At Least 340 UK Crypto or Blockchain Companies Ceased Operations in 2018, Report Finds

At least 340 cryptocurrency or blockchain companies were dissolved or liquidated this year in the United Kingdom (UK), British news outlet Sky News reported on Dec. 22.

UK crypto companies in 2018. Source: SkyNews

The aforementioned article also reports that last year, the number of companies in this industry that had been liquidated amounted to 139, nearly two and a half times less than this year. Moreover, 60 percent of the companies dissolved this year ceased activity between June and November.

According to the reported data, more than 200 of the now-dissolved companies “were incorporated with Companies House during 2017.” This year, according to the article, newly-registered crypto companies were growing slower than the number of dissolved businesses for the first time.

The data upon which Sky News reportedly based its article has been gathered from OpenCorporates, a website sharing data on corporate entities, and Companies House, the U.K.’s registrar of companies.

The current downward crypto market movement in 2018 has taken its toll on some of the biggest companies in the space as well.

Chinese crypto mining giant Bitmain reportedly closed its Israeli development center in mid-December, laying off 23 employees.

And ConsenSys, a global community made to create and promote blockchain infrastructure and decentralized applications (DApps) closely tied to the Ethereum (ETH) ecosystem, has laid off a substantial portion of its employees.

As Cointelegraph recently reported, the number of employees to be laid off could be anywhere between 50 and 60 percent of the total company’s workforce.

However, Joseph Lubin, the co-founder of Ethereum project and founder of Consensys, has pointed out that the company “remains healthy and is engaging in a rebalancing of priorities and activities which started about nine months ago.”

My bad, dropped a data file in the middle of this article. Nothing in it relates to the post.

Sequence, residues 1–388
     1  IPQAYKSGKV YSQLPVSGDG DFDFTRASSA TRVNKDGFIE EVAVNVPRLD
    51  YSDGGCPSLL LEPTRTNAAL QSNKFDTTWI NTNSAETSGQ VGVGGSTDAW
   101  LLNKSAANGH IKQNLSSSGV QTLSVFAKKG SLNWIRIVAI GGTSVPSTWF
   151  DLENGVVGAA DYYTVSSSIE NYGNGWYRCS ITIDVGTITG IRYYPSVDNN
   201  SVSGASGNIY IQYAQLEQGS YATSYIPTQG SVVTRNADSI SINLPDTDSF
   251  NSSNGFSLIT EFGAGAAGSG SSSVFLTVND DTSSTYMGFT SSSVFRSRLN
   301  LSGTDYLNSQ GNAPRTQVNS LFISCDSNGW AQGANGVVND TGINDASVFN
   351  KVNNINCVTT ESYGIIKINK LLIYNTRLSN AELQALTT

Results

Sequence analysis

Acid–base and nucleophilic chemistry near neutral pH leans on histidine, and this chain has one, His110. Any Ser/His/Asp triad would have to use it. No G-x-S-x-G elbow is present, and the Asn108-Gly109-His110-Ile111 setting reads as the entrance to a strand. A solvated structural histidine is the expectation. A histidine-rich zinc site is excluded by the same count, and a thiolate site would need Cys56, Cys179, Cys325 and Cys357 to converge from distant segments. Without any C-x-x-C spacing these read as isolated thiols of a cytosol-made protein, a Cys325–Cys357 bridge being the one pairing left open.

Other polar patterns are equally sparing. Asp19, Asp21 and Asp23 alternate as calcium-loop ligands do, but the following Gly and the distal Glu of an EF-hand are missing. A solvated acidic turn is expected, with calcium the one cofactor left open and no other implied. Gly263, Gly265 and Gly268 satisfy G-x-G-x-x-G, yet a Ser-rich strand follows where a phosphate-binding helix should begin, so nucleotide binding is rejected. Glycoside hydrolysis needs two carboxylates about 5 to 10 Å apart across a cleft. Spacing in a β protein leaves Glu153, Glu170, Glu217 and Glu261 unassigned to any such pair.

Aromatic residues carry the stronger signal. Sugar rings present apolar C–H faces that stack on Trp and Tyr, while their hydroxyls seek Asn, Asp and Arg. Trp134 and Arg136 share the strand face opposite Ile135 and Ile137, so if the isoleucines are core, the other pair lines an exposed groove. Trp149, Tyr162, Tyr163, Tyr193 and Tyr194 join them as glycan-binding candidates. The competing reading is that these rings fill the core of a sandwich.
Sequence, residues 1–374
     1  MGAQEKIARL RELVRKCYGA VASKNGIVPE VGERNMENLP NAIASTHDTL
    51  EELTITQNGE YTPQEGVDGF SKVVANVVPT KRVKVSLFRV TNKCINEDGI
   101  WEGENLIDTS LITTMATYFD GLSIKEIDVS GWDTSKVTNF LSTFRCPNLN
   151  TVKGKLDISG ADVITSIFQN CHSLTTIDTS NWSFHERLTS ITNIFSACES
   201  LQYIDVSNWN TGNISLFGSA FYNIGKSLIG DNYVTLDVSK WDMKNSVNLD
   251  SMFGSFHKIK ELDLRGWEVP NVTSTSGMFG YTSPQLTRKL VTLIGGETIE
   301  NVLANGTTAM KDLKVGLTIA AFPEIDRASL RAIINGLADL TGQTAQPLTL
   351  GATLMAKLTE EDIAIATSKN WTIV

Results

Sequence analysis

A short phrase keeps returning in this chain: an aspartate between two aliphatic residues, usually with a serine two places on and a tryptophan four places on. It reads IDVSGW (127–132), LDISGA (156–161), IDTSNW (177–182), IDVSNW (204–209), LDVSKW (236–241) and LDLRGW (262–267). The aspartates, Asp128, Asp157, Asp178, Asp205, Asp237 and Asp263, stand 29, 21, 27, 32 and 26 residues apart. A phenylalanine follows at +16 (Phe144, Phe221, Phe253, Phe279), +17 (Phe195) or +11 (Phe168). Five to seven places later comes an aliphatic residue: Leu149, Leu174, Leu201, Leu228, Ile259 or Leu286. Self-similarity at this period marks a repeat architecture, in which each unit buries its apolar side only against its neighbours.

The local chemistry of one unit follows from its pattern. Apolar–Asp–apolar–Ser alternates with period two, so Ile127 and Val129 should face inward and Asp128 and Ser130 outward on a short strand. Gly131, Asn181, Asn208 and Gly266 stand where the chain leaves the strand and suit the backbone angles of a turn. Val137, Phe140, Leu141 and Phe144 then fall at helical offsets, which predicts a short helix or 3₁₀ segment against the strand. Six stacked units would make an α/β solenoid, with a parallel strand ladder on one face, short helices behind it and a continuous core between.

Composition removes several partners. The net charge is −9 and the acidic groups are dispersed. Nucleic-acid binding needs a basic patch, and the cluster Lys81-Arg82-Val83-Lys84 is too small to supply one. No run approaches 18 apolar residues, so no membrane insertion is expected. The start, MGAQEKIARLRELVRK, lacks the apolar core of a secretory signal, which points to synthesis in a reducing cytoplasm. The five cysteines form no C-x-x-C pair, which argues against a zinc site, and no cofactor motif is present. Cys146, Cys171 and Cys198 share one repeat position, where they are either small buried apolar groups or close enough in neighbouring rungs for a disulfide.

Also, as pointed out by a recent Cointelegraph analysis — even after the recent slump — a LinkedIn study has down blockchain developers are in high demand on the platform, becoming one of the fastest-growing emerging jobs in the United States.

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Chinese Fintech Incubation Zone Officially Begins Operations in Guangdong Province

The Chinese fintech incubation zone located in the Guangdong province has officially started its operations, Chinese news outlet Chinese Software Developer Network (CSDN) reports Dec. 21.

According to the article, the zone — which officially opened Dec. 20 — has a total area of 120 square kilometers and already hosts the headquarters of over 20 companies. The zone and its administration will reportedly offer the companies project financing, office space and policy guidelines, and will overall “promote the transformation and application of technological achievements.”

CSDN notes that the Guangdong financial high-tech zone will “focus on the major needs and major pain points of the financial [industries] encouraging blockchain and other technologies in finance, manufacturing, trade.” The zone will begin with fostering pilot projects, and then will move forward in order to “culvative a group of blockchain financial technology enterprises and innovation teams.”

In November, the “Guangdong, Hong Kong, and Macao Dawan District Blockchain Alliance” had been established to promote innovation and sustain the development of blockchain tech. CSDN mentions the three districts as areas for expanding the use of the technology.

China, which has long been cracking down on cryptocurrency by banning both domestic and foreign exchanges, and even crypto-related social accounts, seems to be heavily investing in blockchain technology. As Cointelegraph reported this week, a media copyright protection alliance has been created in Beijing to provide copyright protection employing blockchain technology.

Also in December, Shenzhen, a major city in the Guangdong Province and home to the first economic special zone in China, announced that it will use blockchain technology for electronic tax invoices.

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